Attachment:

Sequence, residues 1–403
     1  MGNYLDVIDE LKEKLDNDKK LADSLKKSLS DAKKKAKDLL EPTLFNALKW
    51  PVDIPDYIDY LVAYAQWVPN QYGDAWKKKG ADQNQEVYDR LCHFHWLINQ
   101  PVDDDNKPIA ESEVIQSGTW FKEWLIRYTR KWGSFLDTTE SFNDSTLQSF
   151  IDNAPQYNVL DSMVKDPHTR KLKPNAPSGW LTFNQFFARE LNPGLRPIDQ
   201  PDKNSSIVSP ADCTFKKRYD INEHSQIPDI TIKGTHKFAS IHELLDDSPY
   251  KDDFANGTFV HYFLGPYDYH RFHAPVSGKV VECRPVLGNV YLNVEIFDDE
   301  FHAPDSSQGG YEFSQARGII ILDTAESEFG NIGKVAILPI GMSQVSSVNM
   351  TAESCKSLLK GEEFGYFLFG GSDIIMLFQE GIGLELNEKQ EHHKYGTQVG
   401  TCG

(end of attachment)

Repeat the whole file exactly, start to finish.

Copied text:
Sequence, residues 1–403
     1  MGNYLDVIDE LKEKLDNDKK LADSLKKSLS DAKKKAKDLL EPTLFNALKW
    51  PVDIPDYIDY LVAYAQWVPN QYGDAWKKKG ADQNQEVYDR LCHFHWLINQ
   101  PVDDDNKPIA ESEVIQSGTW FKEWLIRYTR KWGSFLDTTE SFNDSTLQSF
   151  IDNAPQYNVL DSMVKDPHTR KLKPNAPSGW LTFNQFFARE LNPGLRPIDQ
   201  PDKNSSIVSP ADCTFKKRYD INEHSQIPDI TIKGTHKFAS IHELLDDSPY
   251  KDDFANGTFV HYFLGPYDYH RFHAPVSGKV VECRPVLGNV YLNVEIFDDE
   301  FHAPDSSQGG YEFSQARGII ILDTAESEFG NIGKVAILPI GMSQVSSVNM
   351  TAESCKSLLK GEEFGYFLFG GSDIIMLFQE GIGLELNEKQ EHHKYGTQVG
   401  TCG